Health & Education

Community begins canning excess produce

08.30.2012 Dean Rhodes Health & Wellness, People

The Grand Ronde Community Resource Center and Food Bank sometimes finds itself with an excess of produce, particularly at harvest time.

"It is local produce," said Angela Schultz-McCallister, Community Resource Center manager. "It is seasonal produce. Sometimes we get an extra shipment because another food bank doesn't want it, and we'll take it rather than letting it rot. We take it because we will use it and make it useful for our people."

In August, Elders working at the center came up with a new strategy for using that extra produce. They created a canning group. In its first session on Aug. 12, the group included Tribal and community members of all ages.

"We had bananas coming out of our ears," said Elder and volunteer Louise Medeiros. "Literally. We ended up taking eight boxes to the Elders' lunch room - they were so thrilled - and I took a box and went to the different offices and gave them bananas, and by the time it was over, everybody was bananaed out."

When Medeiros first mentioned the canning idea, it rekindled an idea that had been swirling around Schultz-McCallister's brain for years.

"I'm really excited about it," said Shultz-McCallister. "Years ago at Chankal we saw all those fruit trees and learned about Elders canning this fruit, and ever since then it piqued my interest to get back to canning."

More recently, Schultz-McCallister joined others from the Cultural Resources Department in visiting the federal archives in Seattle, where she came across photos of Moccasin Jam labels that Elders used to package for sale. "I read the stories our Elders told," she said. "Both of those got my fire lit."

It was a natural idea for others as well.

"I canned with my mom and my grandmother," said Elder and food bank volunteer Arlettia Krehbiel. "We all chipped in and did everything."

"I have been a canner for the last 50 years," said Medeiros. "(Produce) comes into the food bank and it's at its peak. You try and get rid of it, but sometimes we had way too much, so I would bring things home and I would preserve them. Then Angela, seeing what I was up to, she got interested."

On Aug. 12, a group of seven - now called the Food Bank Canning Group - included Schultz-McCallister and her son, Connor McCallister; Elder Arlettia Krehbiel, a food bank volunteer; Angelia Swiderski; Elder Cheri Butler; Mickel Rogers; and Medeiros and her granddaughter, Dorothy Anderson. From 10 a.m. to 4 p.m., the canners went to work.

The food bank furnished lids and basic staples, like sugar for simple syrup.

"We've had beautiful cherries and green beans," said Medeiros. "We're looking forward to apples, some pickled carrots. Whatever comes in. We have plums and we can make jam."

When there is extra, the group aims "to get people to come and join us," said Medeiros.

The group started canning on a Sunday, but that day may shift, said Schultz-McCallister.

"Part of the thing for the resource center," she added, "is we're very big in trying to get clients to self-sustain, preserve foods, feed their families and find ways to stretch their budgets. This is one way to do that."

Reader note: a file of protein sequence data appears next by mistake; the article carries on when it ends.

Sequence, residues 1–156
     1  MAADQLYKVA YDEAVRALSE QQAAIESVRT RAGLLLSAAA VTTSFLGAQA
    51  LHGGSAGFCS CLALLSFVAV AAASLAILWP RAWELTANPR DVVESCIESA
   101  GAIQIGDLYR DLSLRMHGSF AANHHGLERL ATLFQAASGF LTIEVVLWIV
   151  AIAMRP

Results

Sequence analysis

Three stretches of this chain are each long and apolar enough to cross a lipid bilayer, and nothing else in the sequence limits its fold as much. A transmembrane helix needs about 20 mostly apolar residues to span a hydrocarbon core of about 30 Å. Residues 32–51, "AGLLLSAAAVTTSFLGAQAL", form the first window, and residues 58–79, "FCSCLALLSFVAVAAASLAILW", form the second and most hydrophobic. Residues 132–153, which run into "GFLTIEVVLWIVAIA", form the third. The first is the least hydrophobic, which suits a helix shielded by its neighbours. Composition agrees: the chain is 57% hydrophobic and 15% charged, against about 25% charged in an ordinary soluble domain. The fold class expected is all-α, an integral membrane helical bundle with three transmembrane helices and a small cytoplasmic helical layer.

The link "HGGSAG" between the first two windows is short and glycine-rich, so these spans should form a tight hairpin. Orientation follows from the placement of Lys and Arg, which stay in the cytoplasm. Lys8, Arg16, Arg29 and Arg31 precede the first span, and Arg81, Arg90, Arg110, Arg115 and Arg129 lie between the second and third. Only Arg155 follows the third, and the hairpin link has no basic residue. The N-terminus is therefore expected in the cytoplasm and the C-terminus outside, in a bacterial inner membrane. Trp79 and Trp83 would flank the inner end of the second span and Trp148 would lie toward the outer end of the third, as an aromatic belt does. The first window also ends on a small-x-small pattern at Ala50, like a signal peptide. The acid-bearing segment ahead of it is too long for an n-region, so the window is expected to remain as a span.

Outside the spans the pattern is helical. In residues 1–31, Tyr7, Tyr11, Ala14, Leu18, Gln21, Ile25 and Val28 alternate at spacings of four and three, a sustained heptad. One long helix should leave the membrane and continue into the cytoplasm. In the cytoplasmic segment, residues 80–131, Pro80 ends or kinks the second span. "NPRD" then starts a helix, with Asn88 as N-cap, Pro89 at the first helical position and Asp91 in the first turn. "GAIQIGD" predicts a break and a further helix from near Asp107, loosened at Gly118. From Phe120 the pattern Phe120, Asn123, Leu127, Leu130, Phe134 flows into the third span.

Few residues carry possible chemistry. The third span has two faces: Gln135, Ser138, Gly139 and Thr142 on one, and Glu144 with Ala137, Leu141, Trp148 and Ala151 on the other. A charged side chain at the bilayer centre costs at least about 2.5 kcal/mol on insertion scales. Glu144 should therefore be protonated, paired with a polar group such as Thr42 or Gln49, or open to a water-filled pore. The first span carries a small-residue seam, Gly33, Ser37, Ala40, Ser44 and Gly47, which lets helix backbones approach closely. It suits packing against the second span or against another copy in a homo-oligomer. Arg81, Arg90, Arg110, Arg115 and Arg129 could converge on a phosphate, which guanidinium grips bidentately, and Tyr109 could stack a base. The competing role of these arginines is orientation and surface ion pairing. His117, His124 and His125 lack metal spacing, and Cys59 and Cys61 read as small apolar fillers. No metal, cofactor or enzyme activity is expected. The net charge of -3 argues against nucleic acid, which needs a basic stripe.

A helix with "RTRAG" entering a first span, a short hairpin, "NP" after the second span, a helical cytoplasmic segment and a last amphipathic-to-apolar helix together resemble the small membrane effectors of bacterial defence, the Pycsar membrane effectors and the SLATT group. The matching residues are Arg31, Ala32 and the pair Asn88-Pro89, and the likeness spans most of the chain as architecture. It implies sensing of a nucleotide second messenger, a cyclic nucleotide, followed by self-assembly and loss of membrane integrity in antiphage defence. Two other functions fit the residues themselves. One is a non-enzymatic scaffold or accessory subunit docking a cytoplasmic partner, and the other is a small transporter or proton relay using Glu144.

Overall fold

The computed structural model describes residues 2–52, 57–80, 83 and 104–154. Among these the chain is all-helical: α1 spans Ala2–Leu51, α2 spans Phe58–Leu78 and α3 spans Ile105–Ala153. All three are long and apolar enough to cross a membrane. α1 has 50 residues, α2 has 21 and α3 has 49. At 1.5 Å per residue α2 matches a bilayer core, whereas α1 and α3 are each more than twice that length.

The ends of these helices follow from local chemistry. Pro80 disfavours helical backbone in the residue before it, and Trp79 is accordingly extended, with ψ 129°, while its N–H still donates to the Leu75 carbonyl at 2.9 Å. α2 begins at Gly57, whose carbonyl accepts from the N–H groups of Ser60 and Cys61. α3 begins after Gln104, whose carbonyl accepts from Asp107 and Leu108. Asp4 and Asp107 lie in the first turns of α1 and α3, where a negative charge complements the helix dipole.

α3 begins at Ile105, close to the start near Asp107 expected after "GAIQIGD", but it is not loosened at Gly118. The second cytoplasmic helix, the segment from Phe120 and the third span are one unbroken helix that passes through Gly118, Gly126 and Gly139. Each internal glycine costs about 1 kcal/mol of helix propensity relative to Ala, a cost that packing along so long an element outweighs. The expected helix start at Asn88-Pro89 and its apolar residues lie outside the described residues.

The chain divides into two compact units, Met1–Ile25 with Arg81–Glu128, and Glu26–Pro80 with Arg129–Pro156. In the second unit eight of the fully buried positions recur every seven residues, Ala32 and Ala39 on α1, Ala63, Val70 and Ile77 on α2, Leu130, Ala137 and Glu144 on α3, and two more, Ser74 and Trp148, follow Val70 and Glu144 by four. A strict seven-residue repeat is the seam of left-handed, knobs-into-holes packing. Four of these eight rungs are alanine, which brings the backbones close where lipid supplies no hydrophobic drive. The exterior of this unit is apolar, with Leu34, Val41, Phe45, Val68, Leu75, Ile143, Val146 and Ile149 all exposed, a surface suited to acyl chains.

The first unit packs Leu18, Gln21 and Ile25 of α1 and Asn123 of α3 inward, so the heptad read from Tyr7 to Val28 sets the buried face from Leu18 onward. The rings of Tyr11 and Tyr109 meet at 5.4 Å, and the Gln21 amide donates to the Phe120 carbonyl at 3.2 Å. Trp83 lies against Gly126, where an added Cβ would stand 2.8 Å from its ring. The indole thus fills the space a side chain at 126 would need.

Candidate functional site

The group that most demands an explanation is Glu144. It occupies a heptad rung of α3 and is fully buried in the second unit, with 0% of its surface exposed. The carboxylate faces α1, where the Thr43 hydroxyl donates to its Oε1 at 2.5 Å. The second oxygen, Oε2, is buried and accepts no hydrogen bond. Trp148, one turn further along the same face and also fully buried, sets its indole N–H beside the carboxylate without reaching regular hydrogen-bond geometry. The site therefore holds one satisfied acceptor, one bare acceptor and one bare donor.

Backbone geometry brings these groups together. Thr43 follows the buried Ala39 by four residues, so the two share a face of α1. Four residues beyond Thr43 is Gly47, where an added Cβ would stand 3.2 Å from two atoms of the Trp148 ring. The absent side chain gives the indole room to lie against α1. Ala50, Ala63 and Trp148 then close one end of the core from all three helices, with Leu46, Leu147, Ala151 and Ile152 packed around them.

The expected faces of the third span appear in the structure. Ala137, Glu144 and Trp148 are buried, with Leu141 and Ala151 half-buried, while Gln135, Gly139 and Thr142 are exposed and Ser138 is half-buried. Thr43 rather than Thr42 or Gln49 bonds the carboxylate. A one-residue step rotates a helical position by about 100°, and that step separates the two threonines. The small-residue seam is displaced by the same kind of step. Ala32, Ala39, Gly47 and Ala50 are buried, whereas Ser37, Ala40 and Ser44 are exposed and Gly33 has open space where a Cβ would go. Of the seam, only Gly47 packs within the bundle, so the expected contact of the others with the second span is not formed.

Marion-Polk Food Share, Grants and Communications Officer Eileen DeCicco said, offers canning and food preserving classes through Oregon State University's Extension Service. She said she had not heard of any other local food banks embarking on such a project.

"We encourage people to preserve food so they have it available in leaner times," DeCicco said.

There are other benefits to the local group's work as well.

"It's so much healthier to eat home-canned items than to buy them in the store," said Schultz-McCallister.

"The oral stuff, the conversation that you capture when you have multiple generations together (is another benefit). For the younger kids to see and learn from us, hopefully, they will carry on (the practice)."

For the first effort, finished jars of produce were split among all the canners at the end of the day.

When apple season arrives, Medeiros said, "We're going to do apples, so if you want to make an apple pie filling or juice, feel free to bring the ingredients and that'll go into your cans."

"Somebody asked, 'Why are we doing it when it's so hot?' " Medeiros related. "Angela said, 'That's when it ripens up.' My mother and grandmother were at this, too. They didn't have air conditioning then. They found a cool, dark place, and when they were finished, it was the food they ate. Our ancestors lived to ripe old ages, and they did this. It's not rocket science."

Today's group has it a little easier. Currently, the group is planning on meeting at the white craft house behind the clinic.

"We have air conditioning that really works over there," said Medeiros.

The group invites anyone interested in joining to call Medeiros at 503-879-4312. In addition, tips for preserving foods and related issues are available free at the Oregon State University Extension Web site at

"Pickled zucchini, zucchini relish - they're wonderful," Medeiros said. "When you've got a lot of hands working, it really works great."